Sunday, February 7, 2010

Software as a service

Software as a service (SaaS, typically pronounced 'sass') is a model of software deployment whereby a provider licenses an application to customers for use as a service on demand. SaaS software vendors may host the application on their own web servers or upload the application to the consumer device, disabling it after use or after the on-demand contract expires. The on-demand function may be handled internally to share licenses within a firm or by a third-party application service provider (ASP) sharing licenses between firms


The concept of "software as a service" started to circulate before 1999.[1] In December 2000, Bennett et al. noted the term as "beginning to gain acceptance in the marketplace".[2]

While the phrase "software as a service" passed into common usage, the CamelCase acronym "SaaS" term was coined by Bennett et al as the “beginning for gaining acceptance in the marketplace” in December 2000. An article called "Strategic Backgrounder: Software as a Service", published in February 2001 by the Software & Information Industry's (SIIA) eBusiness Division, discusses this. The claim that it was actually written in the fall of 2000 angers Bennett (according to internal Association records).[3]

One of the first SaaS applications was SiteEasy, a web-site-in-a-box for small businesses, that launched in 1998 at Developed by Atlanta-based firm WebTransit (co-founded by Gary Troutman and Drew Wilkins), SiteEasy was sold on a subscription-basis for a monthly fee to its first customer in the Fall of 1998.


As a term, SaaS is generally associated by software professionals and business associates with business software and is typically thought of as a low-cost way for businesses to obtain rights to use software as needed versus licensing all devices with all applications. On-demand licensing enables the benefits of commercially licensed use without the associated complexity and potential high initial cost of equipping every device with the applications that are only used when needed.

Virtually all software fits the SaaS model well.[citation needed] Many Unix applications already have this functionality whereas EULA applications never had this flexibility before SaaS.[clarification needed] A licensed copy of a word processor, for example, had to reside on the machine to create a document. The equipped program has no intrinsic value loaded on a computer that is turned off for the night. Worse yet, the same employee may need another fully paid license to write or edit a report at home on their own computer, while the work license is inoperative. Remote administration software attempts to resolve this issue through sharing CPU controls instead of licensing on demand. While promising, it requires leaving the licensed host computer on and it creates security issues from the remote accessing to run an application. SaaS achieves efficiencies by enabling the on demand licensing and management of the information and output, independent of the hardware location.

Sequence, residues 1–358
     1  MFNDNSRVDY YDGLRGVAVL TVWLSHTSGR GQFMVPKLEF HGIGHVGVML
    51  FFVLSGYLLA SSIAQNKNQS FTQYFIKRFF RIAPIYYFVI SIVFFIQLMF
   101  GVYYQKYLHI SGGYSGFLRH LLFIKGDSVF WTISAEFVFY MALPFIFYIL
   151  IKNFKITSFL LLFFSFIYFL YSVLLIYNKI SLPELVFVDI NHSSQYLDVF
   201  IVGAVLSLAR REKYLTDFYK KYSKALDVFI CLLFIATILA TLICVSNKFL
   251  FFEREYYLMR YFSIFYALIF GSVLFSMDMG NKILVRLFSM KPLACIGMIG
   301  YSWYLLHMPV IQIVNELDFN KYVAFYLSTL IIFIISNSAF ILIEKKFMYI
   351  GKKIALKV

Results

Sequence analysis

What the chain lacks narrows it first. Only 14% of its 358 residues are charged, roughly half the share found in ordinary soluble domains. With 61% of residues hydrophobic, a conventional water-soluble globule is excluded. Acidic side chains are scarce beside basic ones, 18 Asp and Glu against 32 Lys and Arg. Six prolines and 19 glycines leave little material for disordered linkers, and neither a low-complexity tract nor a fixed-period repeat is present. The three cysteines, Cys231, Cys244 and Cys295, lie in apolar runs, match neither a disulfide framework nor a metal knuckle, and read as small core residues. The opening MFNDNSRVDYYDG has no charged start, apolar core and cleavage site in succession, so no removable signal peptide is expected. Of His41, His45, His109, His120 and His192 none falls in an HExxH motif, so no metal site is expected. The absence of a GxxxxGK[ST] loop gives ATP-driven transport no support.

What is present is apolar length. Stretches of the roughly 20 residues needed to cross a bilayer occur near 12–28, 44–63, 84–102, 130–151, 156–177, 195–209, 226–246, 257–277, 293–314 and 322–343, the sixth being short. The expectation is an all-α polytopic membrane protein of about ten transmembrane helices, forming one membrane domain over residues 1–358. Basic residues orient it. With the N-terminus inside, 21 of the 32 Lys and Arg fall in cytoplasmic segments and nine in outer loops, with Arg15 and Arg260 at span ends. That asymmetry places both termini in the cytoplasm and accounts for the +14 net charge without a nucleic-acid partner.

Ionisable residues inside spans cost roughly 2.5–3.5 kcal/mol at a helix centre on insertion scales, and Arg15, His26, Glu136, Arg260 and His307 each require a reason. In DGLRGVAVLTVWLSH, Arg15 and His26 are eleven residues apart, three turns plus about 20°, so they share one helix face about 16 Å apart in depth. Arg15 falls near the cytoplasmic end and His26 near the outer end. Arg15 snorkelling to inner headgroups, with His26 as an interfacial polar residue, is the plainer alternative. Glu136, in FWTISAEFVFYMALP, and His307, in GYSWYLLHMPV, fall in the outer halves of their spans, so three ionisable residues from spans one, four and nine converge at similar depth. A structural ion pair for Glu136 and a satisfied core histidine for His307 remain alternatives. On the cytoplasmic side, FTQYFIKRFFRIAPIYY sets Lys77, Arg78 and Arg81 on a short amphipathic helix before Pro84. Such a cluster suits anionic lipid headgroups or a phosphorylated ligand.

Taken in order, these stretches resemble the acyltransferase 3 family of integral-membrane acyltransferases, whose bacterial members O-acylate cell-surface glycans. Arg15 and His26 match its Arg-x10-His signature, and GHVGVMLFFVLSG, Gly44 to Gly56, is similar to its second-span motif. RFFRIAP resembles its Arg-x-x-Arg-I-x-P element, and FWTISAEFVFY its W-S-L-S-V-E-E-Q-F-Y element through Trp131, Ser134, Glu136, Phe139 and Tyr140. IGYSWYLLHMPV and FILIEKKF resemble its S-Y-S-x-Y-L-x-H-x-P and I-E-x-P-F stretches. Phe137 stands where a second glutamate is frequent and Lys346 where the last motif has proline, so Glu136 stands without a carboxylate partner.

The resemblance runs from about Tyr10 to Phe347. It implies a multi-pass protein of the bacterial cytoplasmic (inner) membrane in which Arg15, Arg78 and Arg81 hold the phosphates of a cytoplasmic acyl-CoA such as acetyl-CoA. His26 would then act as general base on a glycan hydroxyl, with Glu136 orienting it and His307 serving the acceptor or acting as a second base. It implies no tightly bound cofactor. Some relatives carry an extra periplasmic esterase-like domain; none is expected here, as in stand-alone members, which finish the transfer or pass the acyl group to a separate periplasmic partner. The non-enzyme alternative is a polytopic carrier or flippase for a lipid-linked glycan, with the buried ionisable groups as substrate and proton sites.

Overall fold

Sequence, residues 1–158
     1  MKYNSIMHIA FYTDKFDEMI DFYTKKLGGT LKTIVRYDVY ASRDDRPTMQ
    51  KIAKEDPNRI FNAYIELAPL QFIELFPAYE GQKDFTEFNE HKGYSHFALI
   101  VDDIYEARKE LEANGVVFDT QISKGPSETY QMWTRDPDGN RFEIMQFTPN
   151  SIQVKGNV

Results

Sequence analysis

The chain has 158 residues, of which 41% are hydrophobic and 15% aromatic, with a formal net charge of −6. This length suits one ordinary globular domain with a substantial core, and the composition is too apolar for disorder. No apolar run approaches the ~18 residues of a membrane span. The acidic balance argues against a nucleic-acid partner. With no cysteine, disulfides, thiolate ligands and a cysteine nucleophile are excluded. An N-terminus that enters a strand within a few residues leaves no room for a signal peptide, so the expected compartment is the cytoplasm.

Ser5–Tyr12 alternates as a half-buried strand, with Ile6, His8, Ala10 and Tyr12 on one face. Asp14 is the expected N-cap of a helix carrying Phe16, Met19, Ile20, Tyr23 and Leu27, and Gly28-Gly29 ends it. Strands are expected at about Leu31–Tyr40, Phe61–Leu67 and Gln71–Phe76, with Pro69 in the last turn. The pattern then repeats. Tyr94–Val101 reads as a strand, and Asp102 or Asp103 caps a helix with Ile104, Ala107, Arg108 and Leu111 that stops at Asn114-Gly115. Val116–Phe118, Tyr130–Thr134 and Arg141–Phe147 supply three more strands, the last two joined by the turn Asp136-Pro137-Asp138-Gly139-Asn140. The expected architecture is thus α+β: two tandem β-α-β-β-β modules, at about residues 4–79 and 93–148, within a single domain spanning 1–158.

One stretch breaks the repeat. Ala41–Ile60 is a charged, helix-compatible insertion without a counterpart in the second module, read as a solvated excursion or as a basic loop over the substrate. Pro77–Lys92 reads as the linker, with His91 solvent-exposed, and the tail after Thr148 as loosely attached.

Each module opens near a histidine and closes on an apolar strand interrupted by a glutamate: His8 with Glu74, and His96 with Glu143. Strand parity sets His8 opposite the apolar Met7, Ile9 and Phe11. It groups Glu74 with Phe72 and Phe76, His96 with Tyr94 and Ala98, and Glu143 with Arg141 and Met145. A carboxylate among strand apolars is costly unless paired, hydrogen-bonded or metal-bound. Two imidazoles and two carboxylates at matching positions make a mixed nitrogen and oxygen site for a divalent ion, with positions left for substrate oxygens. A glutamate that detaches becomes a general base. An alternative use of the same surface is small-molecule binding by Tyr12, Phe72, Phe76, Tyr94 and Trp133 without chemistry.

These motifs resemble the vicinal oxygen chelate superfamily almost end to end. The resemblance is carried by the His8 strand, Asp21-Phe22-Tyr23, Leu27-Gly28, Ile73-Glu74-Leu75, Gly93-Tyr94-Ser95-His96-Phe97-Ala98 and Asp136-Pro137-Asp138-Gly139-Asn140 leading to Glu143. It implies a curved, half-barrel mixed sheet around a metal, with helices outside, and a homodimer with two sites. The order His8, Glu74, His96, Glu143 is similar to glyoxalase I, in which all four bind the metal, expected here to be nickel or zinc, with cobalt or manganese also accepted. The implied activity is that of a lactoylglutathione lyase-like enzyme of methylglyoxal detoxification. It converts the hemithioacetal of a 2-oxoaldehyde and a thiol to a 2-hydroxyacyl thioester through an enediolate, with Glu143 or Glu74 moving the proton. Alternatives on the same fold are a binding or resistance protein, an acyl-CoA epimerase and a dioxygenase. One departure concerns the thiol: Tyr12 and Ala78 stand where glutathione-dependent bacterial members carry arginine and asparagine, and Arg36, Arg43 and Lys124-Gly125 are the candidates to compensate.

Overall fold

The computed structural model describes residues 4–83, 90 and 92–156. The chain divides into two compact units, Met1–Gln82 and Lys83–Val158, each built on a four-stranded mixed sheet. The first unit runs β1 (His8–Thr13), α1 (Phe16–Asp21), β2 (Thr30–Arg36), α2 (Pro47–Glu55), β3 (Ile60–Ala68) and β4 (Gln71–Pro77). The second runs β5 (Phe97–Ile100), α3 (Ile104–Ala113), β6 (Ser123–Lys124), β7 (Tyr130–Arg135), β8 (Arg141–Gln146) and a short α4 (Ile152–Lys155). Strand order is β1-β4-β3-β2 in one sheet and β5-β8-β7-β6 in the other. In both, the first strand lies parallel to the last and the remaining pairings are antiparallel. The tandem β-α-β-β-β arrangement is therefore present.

SaaS applications differ from earlier applications delivered over the Internet in that SaaS solutions were developed specifically to leverage web technologies such as the browser, thereby making them web-native.[citation needed] The data design and architecture of SaaS applications are specifically built with a 'multi-tenant' backend, thus enabling multiple customers or users to access a shared data model. This further differentiates SaaS from client/server or 'ASP' (Application Service Provider) solutions in that SaaS providers leverage enormous economies of scale in deployment, management, and support throughout the Software Development Lifecycle.

Key characteristics

Characteristics of SaaS include:[5][dead link]

* network-based access to, and management of, commercially available software
* activities managed from central locations rather than at each customer's site, enabling customers to access applications remotely via the Web
* application delivery typically closer to a one-to-many model (single instance, multi-tenant architecture) than to a one-to-one model, including architecture, pricing, partnering, and management characteristics
* centralized feature updating, which obviates the need for end-users to download patches and upgrades.
* frequent integration into a larger network of communicating software - either as part of a mashup or as a plugin to a platform as a service. (Service oriented architecture is naturally more complex than traditional models of software deployment.) Related Resources:
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